In this week’s Girls That Go! we interview Masha, the lovely lady behind An Unlikely Pilgrim AND one of the co-founders of the Women’s Travel Fest
(you’ll be hearing more from the other co-founders soon)! Read on to hear from Masha about being a pilgrim, what she misses about her adopted home
when she’s gone, and her favorite recipes from her travels!
GGG: Hi! Welcome to Girls That Go! Can you tell us who you are, where you’re from originally and how you started traveling internationally?
Hi! Thank you for asking! I was born in Russia, while it was still part of the USSR which translated to growing up with very little (what is this thing you call toilet paper?) and absolutely no chance of getting out.
I grew up watching Crocodile Dundee and dreaming about what that world could possibly be like. When I was eight my dad got a job at the UN and we moved to New York and just like that, I was living in a fantasy world.
It was surreal and it set me on a path of thinking anything’s possible. After that, every year when we would travel back to Russia to see family, we would stop off for a few days in Paris, London, Amsterdam, Athens. Much like toilet paper, travel was a luxury I was not meant to have and then I did and it made it very precious to me.
GGG: Recently you’ve been spending some quality time in your home country. What are the things you find missing most about your adopted country while you’re there, and what are you happy to be back to?
I miss American politeness. Russians typically do not say thank you, excuse me or even hello outside of their families. On my last full day there, I was in the grocery store and just ramming my cart into someone to let them know I wanted to get past them until I realized what I was doing.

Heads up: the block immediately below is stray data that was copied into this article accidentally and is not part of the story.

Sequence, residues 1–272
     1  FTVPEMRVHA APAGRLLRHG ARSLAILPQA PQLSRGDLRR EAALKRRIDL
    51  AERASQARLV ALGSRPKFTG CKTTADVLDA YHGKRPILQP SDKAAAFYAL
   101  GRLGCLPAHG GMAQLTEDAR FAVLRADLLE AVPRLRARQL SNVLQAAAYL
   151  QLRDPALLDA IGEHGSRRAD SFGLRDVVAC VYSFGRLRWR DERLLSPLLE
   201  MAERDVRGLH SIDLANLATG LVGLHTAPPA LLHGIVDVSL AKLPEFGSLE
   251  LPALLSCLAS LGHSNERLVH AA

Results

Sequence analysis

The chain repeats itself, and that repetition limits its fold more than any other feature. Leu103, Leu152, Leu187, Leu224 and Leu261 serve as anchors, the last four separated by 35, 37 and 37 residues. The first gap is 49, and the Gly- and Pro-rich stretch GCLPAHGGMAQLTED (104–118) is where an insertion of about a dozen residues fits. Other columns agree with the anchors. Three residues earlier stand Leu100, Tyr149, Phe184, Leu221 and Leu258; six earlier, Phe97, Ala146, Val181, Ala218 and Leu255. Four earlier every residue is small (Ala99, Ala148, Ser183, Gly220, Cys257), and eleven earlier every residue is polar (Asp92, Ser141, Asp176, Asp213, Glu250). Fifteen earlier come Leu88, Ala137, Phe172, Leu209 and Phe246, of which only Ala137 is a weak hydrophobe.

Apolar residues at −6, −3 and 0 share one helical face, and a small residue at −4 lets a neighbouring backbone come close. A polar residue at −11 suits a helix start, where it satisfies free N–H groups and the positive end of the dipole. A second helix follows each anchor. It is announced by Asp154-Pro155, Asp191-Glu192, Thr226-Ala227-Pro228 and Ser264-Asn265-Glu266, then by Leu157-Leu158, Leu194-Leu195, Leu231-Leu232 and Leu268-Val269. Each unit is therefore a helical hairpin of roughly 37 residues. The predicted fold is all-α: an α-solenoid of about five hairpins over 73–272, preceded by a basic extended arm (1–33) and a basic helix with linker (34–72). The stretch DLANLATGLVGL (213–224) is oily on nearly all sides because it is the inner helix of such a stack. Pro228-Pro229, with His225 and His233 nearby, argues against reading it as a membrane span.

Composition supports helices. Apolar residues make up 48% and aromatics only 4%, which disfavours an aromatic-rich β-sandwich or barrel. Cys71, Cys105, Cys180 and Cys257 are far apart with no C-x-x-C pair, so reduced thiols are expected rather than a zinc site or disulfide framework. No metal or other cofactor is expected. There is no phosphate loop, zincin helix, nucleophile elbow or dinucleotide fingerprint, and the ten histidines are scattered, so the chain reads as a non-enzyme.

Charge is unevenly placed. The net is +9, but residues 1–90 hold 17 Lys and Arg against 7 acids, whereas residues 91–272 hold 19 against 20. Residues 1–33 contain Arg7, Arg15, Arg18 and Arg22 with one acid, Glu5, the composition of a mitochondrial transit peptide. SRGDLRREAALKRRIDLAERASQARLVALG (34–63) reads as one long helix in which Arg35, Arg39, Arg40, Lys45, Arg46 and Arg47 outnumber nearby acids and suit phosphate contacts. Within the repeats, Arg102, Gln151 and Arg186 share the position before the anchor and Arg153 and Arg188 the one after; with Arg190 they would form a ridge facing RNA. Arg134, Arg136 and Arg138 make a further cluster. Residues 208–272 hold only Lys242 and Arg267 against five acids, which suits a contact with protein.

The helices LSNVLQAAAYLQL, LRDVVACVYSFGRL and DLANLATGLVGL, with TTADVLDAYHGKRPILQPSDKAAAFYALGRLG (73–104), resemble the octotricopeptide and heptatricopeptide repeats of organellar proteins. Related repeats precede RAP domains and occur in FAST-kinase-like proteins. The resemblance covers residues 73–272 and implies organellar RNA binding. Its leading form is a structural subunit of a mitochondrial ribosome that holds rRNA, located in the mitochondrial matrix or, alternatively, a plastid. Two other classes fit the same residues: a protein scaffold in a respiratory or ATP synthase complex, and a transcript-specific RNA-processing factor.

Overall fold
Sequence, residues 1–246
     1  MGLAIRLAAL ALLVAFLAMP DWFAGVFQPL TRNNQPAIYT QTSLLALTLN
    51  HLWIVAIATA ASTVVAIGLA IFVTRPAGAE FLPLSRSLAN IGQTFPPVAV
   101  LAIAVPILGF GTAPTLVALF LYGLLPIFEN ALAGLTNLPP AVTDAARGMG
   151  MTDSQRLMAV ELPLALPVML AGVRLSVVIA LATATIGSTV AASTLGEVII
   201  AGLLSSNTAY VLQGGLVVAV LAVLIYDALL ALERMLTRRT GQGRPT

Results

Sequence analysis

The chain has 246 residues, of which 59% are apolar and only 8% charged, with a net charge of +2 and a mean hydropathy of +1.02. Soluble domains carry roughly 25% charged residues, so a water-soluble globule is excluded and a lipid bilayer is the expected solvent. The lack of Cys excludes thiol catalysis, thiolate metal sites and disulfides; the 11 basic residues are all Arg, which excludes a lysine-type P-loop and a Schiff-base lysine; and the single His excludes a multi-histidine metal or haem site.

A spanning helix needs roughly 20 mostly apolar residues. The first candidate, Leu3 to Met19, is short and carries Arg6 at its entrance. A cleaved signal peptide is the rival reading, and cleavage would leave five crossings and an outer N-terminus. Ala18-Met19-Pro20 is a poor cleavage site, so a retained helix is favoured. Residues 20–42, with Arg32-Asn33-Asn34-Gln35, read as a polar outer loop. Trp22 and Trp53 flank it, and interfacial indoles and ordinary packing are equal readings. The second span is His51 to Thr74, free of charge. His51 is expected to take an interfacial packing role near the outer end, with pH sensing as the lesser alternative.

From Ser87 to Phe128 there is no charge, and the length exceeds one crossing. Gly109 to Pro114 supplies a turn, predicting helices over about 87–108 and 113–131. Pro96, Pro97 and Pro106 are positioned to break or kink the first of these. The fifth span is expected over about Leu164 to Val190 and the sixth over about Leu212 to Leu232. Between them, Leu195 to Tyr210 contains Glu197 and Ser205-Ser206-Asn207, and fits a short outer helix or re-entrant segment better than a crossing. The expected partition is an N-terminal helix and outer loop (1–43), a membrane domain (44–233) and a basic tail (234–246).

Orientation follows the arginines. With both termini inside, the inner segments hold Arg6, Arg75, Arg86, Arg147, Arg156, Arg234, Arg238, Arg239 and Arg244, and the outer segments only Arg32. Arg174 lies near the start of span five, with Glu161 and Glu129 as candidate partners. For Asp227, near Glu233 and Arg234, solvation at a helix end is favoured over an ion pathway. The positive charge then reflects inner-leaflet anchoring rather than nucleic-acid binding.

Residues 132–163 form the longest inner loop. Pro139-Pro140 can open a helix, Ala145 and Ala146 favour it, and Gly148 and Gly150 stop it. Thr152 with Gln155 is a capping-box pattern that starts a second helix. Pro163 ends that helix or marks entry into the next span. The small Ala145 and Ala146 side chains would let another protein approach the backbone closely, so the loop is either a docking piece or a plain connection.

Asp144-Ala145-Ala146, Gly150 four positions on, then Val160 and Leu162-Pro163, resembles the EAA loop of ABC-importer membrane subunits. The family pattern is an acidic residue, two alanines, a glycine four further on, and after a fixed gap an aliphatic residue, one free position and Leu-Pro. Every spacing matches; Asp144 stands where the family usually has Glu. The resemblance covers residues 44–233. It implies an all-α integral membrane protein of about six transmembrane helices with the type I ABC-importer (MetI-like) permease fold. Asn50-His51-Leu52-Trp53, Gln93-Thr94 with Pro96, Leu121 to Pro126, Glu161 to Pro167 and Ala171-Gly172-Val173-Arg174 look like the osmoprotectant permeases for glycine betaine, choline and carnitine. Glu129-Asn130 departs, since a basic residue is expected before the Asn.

In the US or pretty much anywhere else in the world, I would just say “Excuse me” but in Russia it was totally socially acceptable for me to injure someone instead. I love Russia, despite having to apologize for it constantly.
I love the way the air smells in the fall, that a grocery store has a separate mayonnaise aisle, adore the wooden houses with blue shutters right by my apartment, the Russian version of “The Voice” and of course my family. My grandmother still lives in the apartment I grew up in across the street from the kindergarten I went to, so I really get to go back to my childhood.
GGG: Your goal is to spend a year walking pilgrimages in all corners of the world. What was your inspiration for this trek?
The short answer is that the month I spent on the Camino was so incredible that when I came back I thought “That felt amazing, I want to feel that way all the time!” This sort of mentality is why I stay away from drugs.
The longer answer is that on the Camino I realized that we really are all in the same boat, with the same fears and the same needs and the same potential for compassion and love and if we understood that about ourselves, maybe we would stop hurting each other so much.
Some people try to further that message through nonprofit work, through policy or art or music but for some reason it feels most natural to me to do it by walking around the world. I am inviting anyone who wants to walk with me for a day, a week, or a month to reach out to me. Rather than being a solo adventure, this project is really about bringing to light the connections between all of us.
GGG: You have already walked the Camino de Santiago in Spain; what were some of the surprises you learned along the way?